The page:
The inventory account in a perpetual system alters with every transaction. Companies deduct the cost of the product from their inventory account whenever they acquire or manufacture inventory, as well as when they sell inventory to consumers. With every transaction, the perpetual inventory software will update the inventory level. With every sale, the program deducts from the COGS account. Don’t worry if you do not understand. The below example will help you figure out how the FIFO perpetual inventory method is calculated.
The ABC firm accounts for inventory purchases and sales using a perpetual inventory system using the first-in, first-out approach to determine costs of goods sold and end inventory value. During the month of July 2021, the following acquisitions and sales were made by the firm. Throughout the month, all sales were made at $1,000 per unit.
Continue with the above example, we have:
On July 03, 2021, the ABC firm sold 20 units for 20 x $1,000 = $20,000. On this date, the only units for sale are the 20 units in the first inventory (30 units of July 01). As a result, the cost of items sold is 20 x $500 = $10,000. Because the firm employs a perpetual inventory system, the sale of inventory would result in two journal entries: one to lower the inventory account by the cost of 20 units and one to mark the sale of 20 units. These are the two journal entries:
|July 03||Account receivable||$20,000|
|Cost of goods sold||$10,000|
On July 6, the following entry would be made to reflect the acquisition of 15 units for $600 each unit.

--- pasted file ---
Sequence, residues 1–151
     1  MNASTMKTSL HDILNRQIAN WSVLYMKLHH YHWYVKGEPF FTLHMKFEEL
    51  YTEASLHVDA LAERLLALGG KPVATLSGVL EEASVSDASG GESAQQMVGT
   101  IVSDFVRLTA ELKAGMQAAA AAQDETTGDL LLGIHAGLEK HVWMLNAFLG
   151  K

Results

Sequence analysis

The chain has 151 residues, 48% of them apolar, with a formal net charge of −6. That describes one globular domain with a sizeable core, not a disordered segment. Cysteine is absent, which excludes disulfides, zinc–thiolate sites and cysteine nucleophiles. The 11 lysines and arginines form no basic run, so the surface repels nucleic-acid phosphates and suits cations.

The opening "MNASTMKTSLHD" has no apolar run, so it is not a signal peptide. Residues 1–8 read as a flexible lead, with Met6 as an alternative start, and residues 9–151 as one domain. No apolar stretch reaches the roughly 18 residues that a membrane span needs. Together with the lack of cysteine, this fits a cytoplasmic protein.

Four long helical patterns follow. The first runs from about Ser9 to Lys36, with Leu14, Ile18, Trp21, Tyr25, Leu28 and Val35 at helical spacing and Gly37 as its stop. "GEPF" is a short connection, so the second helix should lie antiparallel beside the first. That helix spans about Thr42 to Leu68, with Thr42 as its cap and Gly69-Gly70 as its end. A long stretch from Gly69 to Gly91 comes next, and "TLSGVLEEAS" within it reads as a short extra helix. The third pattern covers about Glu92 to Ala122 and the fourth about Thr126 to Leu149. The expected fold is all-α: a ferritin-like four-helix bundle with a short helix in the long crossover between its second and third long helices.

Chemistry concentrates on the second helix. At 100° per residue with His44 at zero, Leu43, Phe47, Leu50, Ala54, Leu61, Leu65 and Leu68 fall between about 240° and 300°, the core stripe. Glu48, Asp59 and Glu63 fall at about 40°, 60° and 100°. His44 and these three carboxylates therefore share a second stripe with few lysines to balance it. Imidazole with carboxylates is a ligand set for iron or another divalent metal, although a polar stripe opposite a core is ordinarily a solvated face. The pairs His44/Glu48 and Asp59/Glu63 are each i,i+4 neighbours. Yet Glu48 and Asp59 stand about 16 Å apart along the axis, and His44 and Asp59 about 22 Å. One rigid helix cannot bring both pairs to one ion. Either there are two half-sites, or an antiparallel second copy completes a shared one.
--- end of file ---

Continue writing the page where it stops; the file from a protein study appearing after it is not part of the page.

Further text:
On July 10, the following entry would be made to record the acquisition of 10 units for $650 each unit.
According to the FIFO assumption, the first expenses incurred are the first costs expensed. Therefore, the cost of 14 units sold on July 13 would be calculated as follow:
The following notebook entries would be written for the aforementioned sales:
|July 13||Account receivable||$20,000|
|Cost of goods sold||$7,400|
The cost of 16 units sold on July 17 is calculated using the FIFO approach as follows:
The total cost of the 16 units sold on July 17 = $6,600 + $3,250 = $9,850 The following journal entries would be written for the aforementioned sales:
|July 17||Account receivable||$16,000|
|Cost of goods sold||$9,850|
The following entry would be made on July 20 to record the acquisition of 15 units for $700/unit.
On July 24, the following entry would be made to record the acquisition of 6 units at a cost of $750 each.
The cost of 10 units sold on July 30 is determined using the FIFO approach as follows:
The total cost of the 10 units sold on July 30 = $3,250 + $3,500 = $6,750 The following journal entries would be written for the aforementioned sales:
|July 30||Account receivable||$10,000|
|Cost of goods sold||$6,750|
👉 Read More: Lifo Perpetual Inventory Method: Formula And Example
In both periodic and perpetual inventory systems, the FIFO technique is used to compute and cost of goods sold and the cost of ending inventory. In both inventory systems, the FIFO approach gives the same answer to the same query. If the unit cost of inventory in a company’s purchasing transactions is continuously increasing, the FIFO approach raises the company’s tax expenditure. When a business wants to demonstrate the highest potential profit on its financial accounts for investors, stakeholders, and lenders, it may opt to use a FIFO perpetual inventory method. A FIFO method results in decreased COGS costs and better net profits. Hope you have a good time with Efex.